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We all have life goals... Things we need, and want to do.
Sometimes things get in the way of our life goals, and life events can sometimes make our goals seem impossible to achieve.
"I love gardening, but it's difficult because I have arthritis"
"I want to drive my car, but couldn't after my stroke"
"I need to find a job, but it's been challenging since being diagnosed with schizophrenia"
"I want to make new friends, but it's hard because I have autism"
"I need to get dressed in the morning but I've just had a hip replacement, and can't bend forward"
'I had a spinal cord injury, but I want to live on my own"
"I need to do my food shopping, but it's difficult to remember because I have dementia"
'I have difficulty managing my responsibilities, because of my anxiety disorder'
'I haven't been able to ride my bicycle, since I had a brain injury"
Occupational therapists help people to find the tools and strategies they need to overcome barriers, such as illness and disability, and to reach their goals.
In 1948, the profession comprised a small band of mainly middle-class women, who worked under medical direction with long-stay patients in a hospital setting.
By 1998, over 18,000 occupational therapists were registered in the UK. Having gained degree-entry status, practitioners were increasingly self-directed and research-focused, and worked in a wide range of settings with all age-groups. It is a profession reflecting the ideals of the NHS to provide a service from 'the cradle to the grave.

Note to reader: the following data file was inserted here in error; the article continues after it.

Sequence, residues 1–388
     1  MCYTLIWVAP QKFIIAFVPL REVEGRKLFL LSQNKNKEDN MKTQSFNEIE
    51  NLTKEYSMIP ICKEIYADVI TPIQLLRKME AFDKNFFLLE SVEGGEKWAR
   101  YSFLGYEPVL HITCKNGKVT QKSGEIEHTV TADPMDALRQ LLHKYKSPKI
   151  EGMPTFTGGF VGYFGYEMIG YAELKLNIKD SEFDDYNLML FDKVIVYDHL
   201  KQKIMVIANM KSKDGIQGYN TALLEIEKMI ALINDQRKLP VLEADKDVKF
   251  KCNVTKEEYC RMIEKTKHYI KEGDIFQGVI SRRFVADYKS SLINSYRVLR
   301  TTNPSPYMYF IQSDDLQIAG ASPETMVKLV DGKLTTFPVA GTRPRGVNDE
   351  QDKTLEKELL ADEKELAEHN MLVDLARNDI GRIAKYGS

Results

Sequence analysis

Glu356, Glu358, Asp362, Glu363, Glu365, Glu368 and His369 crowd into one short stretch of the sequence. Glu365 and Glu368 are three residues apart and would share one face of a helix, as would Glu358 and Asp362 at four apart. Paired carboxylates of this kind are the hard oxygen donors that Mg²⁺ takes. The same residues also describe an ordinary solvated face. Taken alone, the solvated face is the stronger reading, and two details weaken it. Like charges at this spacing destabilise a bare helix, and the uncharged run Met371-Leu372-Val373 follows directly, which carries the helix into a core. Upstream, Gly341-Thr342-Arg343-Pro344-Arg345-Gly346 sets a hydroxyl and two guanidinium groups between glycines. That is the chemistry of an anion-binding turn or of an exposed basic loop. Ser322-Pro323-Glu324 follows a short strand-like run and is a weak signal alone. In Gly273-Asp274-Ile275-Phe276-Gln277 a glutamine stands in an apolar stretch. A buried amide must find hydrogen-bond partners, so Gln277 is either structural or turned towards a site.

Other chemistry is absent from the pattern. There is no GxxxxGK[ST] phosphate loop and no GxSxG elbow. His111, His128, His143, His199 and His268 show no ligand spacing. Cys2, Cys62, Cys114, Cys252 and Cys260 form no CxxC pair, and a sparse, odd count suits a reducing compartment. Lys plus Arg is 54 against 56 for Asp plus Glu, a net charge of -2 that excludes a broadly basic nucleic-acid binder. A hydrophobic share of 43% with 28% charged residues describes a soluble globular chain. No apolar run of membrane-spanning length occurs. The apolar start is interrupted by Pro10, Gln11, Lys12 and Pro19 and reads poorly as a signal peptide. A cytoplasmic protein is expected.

In 1974 The British Association of Occupational Therapists (BAOT) was formed. This professional body supports members in clinical practise, and ensures high levels of standards. It protects both employee's and patients alike, and sets standards for personal conduct.
In recent years the role of the occupational therapist has changed from that of a craft-oriented medical technician to that of a professional clinician, researcher, educator
Occupational therapists have expressed the need to re-evaluate their roles, their responsibilities, and their education in order to meet the needs of changing patterns in
the organization and delivery of contemporary health services.
"A doctor will save your life. An occupational therapist will help you live it."
All occupational therapists practising in the UK must be registered with the Health and Care Professions Council (HCPC).
The HCPC set standards of conduct, performance and ethics expected from regulated professionals. Failure to comply can lead to additional training, disciplinary action, or being struck off as a practising professional.
Publish on 06th March 2015 Category: All 18